Thursday, December 8, 2011

GeoMedia: Indisputable evidence of water on Mars!!

The Mars rover Opportunity has found indisputable evidence that water existed on Mars in the form of a vein of the mineral gypsum in bedrock! The vein is about twice the width of a human thumb and half a metre long. This is first direct proof that water existed on Mars and had flowed through a fracture in the rock depositing the gypsum.

'Homestake' Vein, False Color
This false-color view of a mineral vein called "Homestake" comes from the panoramic camera (Pancam) on NASA's Mars Exploration Rover Opportunity. Image Credit: NASA/JPL-Caltech/Cornell/ASU
Gypsum (CaSO4·2(H2O)) is a mineral that is commonly found on Earth often in exactly the same situation as it has been found on Mars. The formation of this vein was likely due to groundwater saturated in calcium and sulphate flowing through a fracture in the bedrock. The highly saturated groundwater then precipitated the gypsum, filling in the fracture and leaving behind a vein of gypsum. Precipitation from water is the only possible way that such a structure could have formed and is the way veins of minerals form on Earth. While this sort of feature is relatively common on Earth, this is the first time it has been seen on Mars. The source of the calcium in the water is believed to be from volcanic rocks that were leached by groundwater. The suphur is likely also from volcanic rocks or volcanic gases that were dissolved in the water as well.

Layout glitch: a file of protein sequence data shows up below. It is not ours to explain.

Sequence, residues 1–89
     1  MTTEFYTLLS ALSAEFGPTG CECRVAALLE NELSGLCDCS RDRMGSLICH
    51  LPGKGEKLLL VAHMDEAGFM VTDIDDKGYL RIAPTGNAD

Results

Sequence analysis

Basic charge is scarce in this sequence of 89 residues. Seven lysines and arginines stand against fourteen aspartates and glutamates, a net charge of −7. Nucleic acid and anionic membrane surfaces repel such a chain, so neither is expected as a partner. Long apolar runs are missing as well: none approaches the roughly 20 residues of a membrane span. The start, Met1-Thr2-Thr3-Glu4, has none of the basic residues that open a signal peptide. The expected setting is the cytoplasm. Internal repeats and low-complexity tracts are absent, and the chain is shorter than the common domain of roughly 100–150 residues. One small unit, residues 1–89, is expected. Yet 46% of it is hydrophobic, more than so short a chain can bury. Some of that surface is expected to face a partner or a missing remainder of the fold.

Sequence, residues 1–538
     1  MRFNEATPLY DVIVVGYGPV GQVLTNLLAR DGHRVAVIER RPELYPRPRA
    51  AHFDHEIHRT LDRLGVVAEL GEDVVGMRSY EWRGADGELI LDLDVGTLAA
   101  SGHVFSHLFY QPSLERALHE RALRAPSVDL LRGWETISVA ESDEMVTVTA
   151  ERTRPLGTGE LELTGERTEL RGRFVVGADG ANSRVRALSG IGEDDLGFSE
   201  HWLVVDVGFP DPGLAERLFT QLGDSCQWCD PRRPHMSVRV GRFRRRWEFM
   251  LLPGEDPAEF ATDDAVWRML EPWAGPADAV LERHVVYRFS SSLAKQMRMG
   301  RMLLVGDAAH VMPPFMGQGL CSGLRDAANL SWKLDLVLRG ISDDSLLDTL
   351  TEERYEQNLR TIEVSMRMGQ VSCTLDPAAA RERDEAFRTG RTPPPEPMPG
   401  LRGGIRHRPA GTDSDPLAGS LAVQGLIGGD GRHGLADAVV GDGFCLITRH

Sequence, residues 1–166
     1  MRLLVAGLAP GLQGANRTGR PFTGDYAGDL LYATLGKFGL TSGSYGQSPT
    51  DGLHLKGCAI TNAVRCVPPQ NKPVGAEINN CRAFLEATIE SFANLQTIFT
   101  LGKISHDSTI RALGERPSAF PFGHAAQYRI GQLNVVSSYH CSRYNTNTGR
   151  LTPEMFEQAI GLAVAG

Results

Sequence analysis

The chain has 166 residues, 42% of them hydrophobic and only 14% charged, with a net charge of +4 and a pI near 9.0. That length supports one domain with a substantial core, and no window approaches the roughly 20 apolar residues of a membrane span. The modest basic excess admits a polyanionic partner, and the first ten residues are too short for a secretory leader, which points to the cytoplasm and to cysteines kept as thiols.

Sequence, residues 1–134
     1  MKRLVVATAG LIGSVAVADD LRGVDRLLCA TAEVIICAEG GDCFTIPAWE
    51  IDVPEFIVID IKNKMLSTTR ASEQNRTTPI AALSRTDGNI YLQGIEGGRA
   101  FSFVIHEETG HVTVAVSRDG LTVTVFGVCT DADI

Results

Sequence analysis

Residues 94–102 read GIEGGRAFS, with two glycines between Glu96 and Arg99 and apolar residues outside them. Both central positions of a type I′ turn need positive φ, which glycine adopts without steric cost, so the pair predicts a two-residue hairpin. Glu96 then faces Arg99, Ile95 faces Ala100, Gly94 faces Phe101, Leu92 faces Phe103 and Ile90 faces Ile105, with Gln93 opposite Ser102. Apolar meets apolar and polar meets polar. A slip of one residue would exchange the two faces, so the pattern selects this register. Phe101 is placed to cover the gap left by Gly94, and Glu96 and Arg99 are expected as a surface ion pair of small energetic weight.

This is not the first time gypsum has been found on Mars as previously gypsum sand dunes had been discovered. However, this is the first time that it has been found in-situ, or where it formed, as opposed to having been eroded and then transported by wind as was the case with the dunes. This means that liquid water actually flowed through this fracture!

For more details here is the link to the NASA article: 


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